# Example 1: Applied Alchemy

Info-gap decision theory is claimed to be radically different from all current theories for decision under uncertainty. The characteristic that is supposed to set it apart from all current theories for decision under uncertainty is its being non-probabilistic, likelihood-free, chance-free, belief-free, etc.

It is hard to overstate what a gross misrepresentation of the state of the art is entailed by this portrayal of info-gap decision theory. The suggestion that info-gap decision theory offers what all current theories for decision under uncertainty fail to offer misrepresents the fact that, models for dealing with a non-probabilistic uncertainty have been staple fare in this area of expertise for decades. Indeed, the most well-known, most widely used paradigm for decision-making under a non-probabilistic uncertainty is Wald’s Maximin model (circa 1940). And if this were not enough, then the irony is that info-gap’s robustness model and info-gap’s decision model for robustness are … simple Maximin models.

Still, ignoring this interesting fact for the moment, consider another interesting fact about info-gap decision theory which attests to the jarring inconsistencies in which info-gap scholars get entangled.

As stated above, info-gap decision theory is claimed to be non-probabilistic, likelihood-free, belief-free, chance-fee, etc. Yet, this does not stop info-gap scholars from attributing the following features and results to info-gap’s robustness model:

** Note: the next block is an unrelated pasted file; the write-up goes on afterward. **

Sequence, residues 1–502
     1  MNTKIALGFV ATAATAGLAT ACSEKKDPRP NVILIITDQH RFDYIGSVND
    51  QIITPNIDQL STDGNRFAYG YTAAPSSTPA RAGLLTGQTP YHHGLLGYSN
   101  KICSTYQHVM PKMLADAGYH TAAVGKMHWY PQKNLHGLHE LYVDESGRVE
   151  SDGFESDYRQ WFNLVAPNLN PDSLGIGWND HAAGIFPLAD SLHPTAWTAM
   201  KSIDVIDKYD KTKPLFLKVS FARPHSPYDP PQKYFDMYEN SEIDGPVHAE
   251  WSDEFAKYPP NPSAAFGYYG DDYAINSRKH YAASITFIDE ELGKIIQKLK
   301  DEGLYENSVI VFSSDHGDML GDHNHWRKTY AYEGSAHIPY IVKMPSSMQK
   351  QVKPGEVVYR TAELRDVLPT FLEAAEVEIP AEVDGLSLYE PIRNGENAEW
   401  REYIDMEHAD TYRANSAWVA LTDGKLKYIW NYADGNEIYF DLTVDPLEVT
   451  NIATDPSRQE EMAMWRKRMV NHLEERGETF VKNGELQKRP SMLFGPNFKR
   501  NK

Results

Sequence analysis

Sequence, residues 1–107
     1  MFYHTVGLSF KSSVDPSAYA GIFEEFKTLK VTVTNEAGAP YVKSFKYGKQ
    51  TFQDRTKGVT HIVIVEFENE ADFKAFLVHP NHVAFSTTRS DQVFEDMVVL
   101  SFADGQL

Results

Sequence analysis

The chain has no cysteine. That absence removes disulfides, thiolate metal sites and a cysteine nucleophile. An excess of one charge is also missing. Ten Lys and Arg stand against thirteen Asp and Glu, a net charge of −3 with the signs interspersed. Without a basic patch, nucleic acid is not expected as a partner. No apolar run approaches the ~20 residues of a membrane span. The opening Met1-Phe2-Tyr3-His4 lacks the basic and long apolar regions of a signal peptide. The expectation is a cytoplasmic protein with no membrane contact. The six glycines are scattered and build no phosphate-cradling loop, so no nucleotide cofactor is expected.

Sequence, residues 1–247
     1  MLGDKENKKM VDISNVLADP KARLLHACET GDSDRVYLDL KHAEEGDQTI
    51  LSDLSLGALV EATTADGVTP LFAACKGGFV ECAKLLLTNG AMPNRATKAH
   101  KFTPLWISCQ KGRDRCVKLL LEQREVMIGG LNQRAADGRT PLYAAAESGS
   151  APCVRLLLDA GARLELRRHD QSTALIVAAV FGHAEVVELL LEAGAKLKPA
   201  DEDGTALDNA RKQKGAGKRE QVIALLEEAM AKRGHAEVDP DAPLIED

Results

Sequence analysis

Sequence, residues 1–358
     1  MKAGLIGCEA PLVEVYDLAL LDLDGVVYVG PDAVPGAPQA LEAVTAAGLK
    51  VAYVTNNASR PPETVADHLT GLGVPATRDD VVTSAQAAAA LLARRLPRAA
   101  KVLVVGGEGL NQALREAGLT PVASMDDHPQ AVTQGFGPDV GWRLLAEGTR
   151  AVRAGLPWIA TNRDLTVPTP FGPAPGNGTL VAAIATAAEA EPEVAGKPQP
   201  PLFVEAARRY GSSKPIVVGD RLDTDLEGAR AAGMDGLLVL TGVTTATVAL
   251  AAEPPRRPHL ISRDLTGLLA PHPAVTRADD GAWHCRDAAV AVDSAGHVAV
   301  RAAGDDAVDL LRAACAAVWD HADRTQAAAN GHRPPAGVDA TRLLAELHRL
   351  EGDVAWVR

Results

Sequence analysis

However, if they are uncertain about this model and wish to minimize the chance of unacceptably large costs, they can calculate the robustÐoptimal number of surveys with eqn 5.

Rout et al. (2009, p. 785, emphasis added)

The question of course is: how can a chance-free model possibly minimize the chance of unacceptably large costs?

And to make the point that this is not a slip of the tongue, but is rather typical of the explanations given by info-gap scholars to describe the info-gap methodology, consider this statement:

As the horizon of uncertainty $\alpha$ gets larger, the sets $U(\alpha,\tilde{u})$ become more inclusive. The info-gap model expresses the decision maker’s beliefs about uncertain variation of $u$ around $\tilde{u}$.

Davidovitch et al. (2009, p. 4, emphasis added)

The question of course is: how can a model of a belief-free theory possibly express the decision maker’s beliefs?

And another example:

Information-gap (henceforth termed ‘info-gap’) theory was invented to assist decision-making when there are substantial knowledge gaps and when probabilistic models of uncertainty are unreliable (Ben-Haim 2006). In general terms, info-gap theory seeks decisions that are most likely to achieve a minimally acceptable (satisfactory) outcome in the face of uncertainty, termed robust satisficing.

Burgman, Wintle, Thompson, Moilanen, Runge, and Ben-Haim (2008, p. 8; emphasis added).
Reconciling uncertain costs and benefits in Bayes nets for invasive species management
ACERA Endorsed Core Material: Final Report, Project 0601 – 0611, July 2008.

When challenged to explain the manifest inconsistency implied by these claims, info-gap scholars often resort to excuses such as this:

Well … we should perhaps have used different language. But you know what we mean.

To which the most appropriate answer is:

Indeed we do but … in this case your methodology amounts to the practice of Alchemy!